In 2019, a crisis of diplomatic affairs was brewing between Thailand and South Africa.
Called upon by Komate Kamalanavin, the Thai ambassador to the African nation, Pisarn Soydhurum seemed the only one who could repair fractured ties. Soydhurum’s government-given responsibility? To research rumours of bad Thai food being served up.
Something that only warrants a negative online review in most circumstances, he and a colleague from their Bangkok base were sent 10,000km to investigate.
“It was found out there are many errors, many mistakes, many distortions, many adaptations, modifications, wherever,” said the director of the Center for Thai Cuisine Promotion. “It makes the image of Thai food quite different from the original.”
As unlikely as Soydhurum’s exploits may seem, his trip forms just one piece of a wider choreographed soft power programme implemented by the Thai government since 2002. Unbelievable situations like these, in which the kingdom’s most powerful government institutions devote attention to culinary transgressions in far-flung corners of the world, are not uncommon.
While the likes of China have attempted to expand their cultural reach through highly visible and controversial schooling programmes, the Thai government is taking a more subtle approach. From that starting point in the early 2000s, the state has become a pioneer of ‘gastrodiplomacy’, exporting Thai cuisine, products and ultimately culture across the globe in a food-focused effort known as Thai Kitchen of the World.
From Cambodia to South Africa, the ubiquitous prevalence of Thai food is actually an extremely strategised – almost secretive – form of soft power being implemented by the Southeast Asian nation. A country that handles its cuisine with the utmost seriousness, the kingdom has figured out how to turn a carefree dinner for most into a highly successful method for yielding tourism, exports and a stellar culinary reputation.
Activities span various initiatives, from the launching of some 3,000 Thai restaurants worldwide, to the Thailand Authority for Tourism’s strides in bringing Michelin star certifications to the country two years ago. Few branches of Thailand’s government seem untouched by culinary responsibilities, from the Ministry of Labour, responsible for testing Thai chefs before granting them permission to work abroad, to the Ministry of Foreign Affairs, which carefully monitors the quality of Thai food in other countries.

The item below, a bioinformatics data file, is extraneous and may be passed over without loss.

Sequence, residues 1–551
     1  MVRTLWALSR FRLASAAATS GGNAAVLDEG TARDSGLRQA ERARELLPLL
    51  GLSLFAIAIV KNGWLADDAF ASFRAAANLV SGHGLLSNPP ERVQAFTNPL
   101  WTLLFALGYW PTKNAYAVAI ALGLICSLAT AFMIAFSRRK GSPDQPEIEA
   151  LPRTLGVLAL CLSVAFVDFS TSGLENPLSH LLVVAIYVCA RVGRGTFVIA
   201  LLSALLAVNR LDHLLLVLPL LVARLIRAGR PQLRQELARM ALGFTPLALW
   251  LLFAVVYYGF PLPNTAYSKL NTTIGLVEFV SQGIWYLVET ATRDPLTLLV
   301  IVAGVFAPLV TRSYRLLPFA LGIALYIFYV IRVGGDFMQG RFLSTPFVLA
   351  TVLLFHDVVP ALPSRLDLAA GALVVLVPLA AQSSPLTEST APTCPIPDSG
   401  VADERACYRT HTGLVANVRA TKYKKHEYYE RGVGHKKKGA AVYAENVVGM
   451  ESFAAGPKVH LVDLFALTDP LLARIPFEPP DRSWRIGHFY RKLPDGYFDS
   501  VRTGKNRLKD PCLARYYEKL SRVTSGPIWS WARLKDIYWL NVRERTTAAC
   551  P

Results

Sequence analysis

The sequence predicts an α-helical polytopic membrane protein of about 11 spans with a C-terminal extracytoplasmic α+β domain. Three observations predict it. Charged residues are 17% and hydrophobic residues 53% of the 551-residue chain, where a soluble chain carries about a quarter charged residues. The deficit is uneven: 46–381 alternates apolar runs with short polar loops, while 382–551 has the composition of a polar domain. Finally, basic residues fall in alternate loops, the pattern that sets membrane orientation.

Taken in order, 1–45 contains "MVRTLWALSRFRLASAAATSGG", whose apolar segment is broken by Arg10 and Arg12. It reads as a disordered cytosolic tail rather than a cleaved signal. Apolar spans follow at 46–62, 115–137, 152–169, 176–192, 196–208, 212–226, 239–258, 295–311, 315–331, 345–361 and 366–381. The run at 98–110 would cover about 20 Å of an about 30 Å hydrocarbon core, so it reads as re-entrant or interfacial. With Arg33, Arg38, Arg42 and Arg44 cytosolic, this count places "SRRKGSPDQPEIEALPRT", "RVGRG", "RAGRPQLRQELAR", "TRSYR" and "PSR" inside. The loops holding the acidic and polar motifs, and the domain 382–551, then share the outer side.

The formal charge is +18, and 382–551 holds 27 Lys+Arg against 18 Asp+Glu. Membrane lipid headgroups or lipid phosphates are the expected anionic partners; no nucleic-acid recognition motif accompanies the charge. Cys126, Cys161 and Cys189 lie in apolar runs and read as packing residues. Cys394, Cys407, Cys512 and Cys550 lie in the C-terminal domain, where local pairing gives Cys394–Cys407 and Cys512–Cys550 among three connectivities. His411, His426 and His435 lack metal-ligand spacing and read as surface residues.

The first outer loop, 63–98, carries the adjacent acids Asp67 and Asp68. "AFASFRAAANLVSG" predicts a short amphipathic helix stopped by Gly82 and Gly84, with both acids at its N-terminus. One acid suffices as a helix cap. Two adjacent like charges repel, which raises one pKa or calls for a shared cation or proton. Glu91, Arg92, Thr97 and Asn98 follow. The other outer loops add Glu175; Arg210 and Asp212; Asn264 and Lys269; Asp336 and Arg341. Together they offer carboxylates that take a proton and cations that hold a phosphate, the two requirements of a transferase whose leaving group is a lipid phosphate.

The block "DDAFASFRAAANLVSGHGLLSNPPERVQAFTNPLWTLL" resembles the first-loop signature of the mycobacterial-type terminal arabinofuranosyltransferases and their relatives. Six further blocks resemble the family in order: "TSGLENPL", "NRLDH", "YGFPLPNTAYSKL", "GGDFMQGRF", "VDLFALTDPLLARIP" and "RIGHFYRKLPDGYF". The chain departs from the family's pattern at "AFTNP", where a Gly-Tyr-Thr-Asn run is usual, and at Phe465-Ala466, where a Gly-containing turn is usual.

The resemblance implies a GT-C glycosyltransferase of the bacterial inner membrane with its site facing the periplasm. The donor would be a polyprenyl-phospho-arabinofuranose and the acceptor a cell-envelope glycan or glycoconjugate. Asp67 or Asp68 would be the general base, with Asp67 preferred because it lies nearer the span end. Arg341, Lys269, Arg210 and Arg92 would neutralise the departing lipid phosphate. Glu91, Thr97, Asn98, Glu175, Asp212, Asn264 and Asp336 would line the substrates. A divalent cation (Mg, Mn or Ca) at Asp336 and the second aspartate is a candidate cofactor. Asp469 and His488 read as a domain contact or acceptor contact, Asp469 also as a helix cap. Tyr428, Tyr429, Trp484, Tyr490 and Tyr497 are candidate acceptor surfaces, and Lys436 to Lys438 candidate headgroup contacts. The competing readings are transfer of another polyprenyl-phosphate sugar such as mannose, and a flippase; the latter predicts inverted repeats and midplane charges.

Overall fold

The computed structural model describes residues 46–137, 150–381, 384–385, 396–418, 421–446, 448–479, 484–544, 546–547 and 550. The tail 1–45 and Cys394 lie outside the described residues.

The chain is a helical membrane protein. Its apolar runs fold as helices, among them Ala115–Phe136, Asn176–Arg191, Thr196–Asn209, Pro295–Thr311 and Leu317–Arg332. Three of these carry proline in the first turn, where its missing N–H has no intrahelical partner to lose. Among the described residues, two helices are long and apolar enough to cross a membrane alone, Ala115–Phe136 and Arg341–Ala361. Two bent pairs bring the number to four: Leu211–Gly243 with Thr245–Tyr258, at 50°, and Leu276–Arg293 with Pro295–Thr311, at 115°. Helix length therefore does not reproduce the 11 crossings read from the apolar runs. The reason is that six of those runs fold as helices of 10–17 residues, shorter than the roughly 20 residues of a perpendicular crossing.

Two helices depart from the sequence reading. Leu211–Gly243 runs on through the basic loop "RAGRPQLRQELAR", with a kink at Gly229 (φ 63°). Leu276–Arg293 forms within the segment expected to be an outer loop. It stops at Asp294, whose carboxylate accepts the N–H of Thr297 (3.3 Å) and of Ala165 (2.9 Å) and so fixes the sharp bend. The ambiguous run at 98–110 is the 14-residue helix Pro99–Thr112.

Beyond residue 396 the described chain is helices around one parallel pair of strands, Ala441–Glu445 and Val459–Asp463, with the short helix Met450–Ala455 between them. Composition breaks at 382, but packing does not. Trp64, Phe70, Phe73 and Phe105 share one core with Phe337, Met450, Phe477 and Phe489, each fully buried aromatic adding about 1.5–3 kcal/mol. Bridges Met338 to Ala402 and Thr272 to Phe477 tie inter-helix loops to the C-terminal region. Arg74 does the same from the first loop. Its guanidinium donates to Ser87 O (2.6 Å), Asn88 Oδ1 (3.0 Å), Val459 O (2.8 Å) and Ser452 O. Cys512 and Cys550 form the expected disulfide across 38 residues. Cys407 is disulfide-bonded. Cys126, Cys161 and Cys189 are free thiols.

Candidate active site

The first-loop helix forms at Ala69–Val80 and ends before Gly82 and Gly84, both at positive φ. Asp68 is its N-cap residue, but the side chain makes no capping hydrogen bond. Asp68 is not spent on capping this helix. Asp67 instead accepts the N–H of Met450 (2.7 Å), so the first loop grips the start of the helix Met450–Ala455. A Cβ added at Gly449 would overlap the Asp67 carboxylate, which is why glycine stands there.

“The main idea is they would like to use Thai culture and the culinary arts of Thailand to invite the people over the world, to enjoy what we call a kind of culinary diplomacy,” Soydhurum said of the programme. “One of [our] main objectives is to preserve, protect, and promote Thai culture. So it fits nicely with the idea.”
Thailand’s cultural diplomacy is a topic tackled by Htet Myet Oo, the British-Burmese owner of Myanmar-based Rangoon Teahouse, in his 2017 TED Talk. He believes this gastrodiplomacy has played a major role in the country’s rise to prominence as a cultural powerhouse in the last 20 years, leaving his own country Myanmar in its wake.
“I would say the one culture of Southeast Asia that has been exported the best anywhere in the world, when you’re talking about lifestyle and living and food and hospitality, would be Thai cuisine,” Htet Myet Oo told the Globe. “I think it’s a big testament to how proactive the government has been in doing so.”
His own love affair with Thai food began in the UK with a simple question to his friends: Where should we go for dinner? While some may question the effectiveness of a good meal, Htet Myet Oo found his mind often wandering to what the dish tasted like in its country of origin.
Years after his introduction to Thai food in the UK, he’s now a frequent flyer to Bangkok. He cited Thailand’s success in the field as evidence that such initiatives can translate directly into economic success at home.
“Maybe out of a million people who went to these Thai restaurants, perhaps 100,000 eventually ended up going to holiday in Thailand,” he said.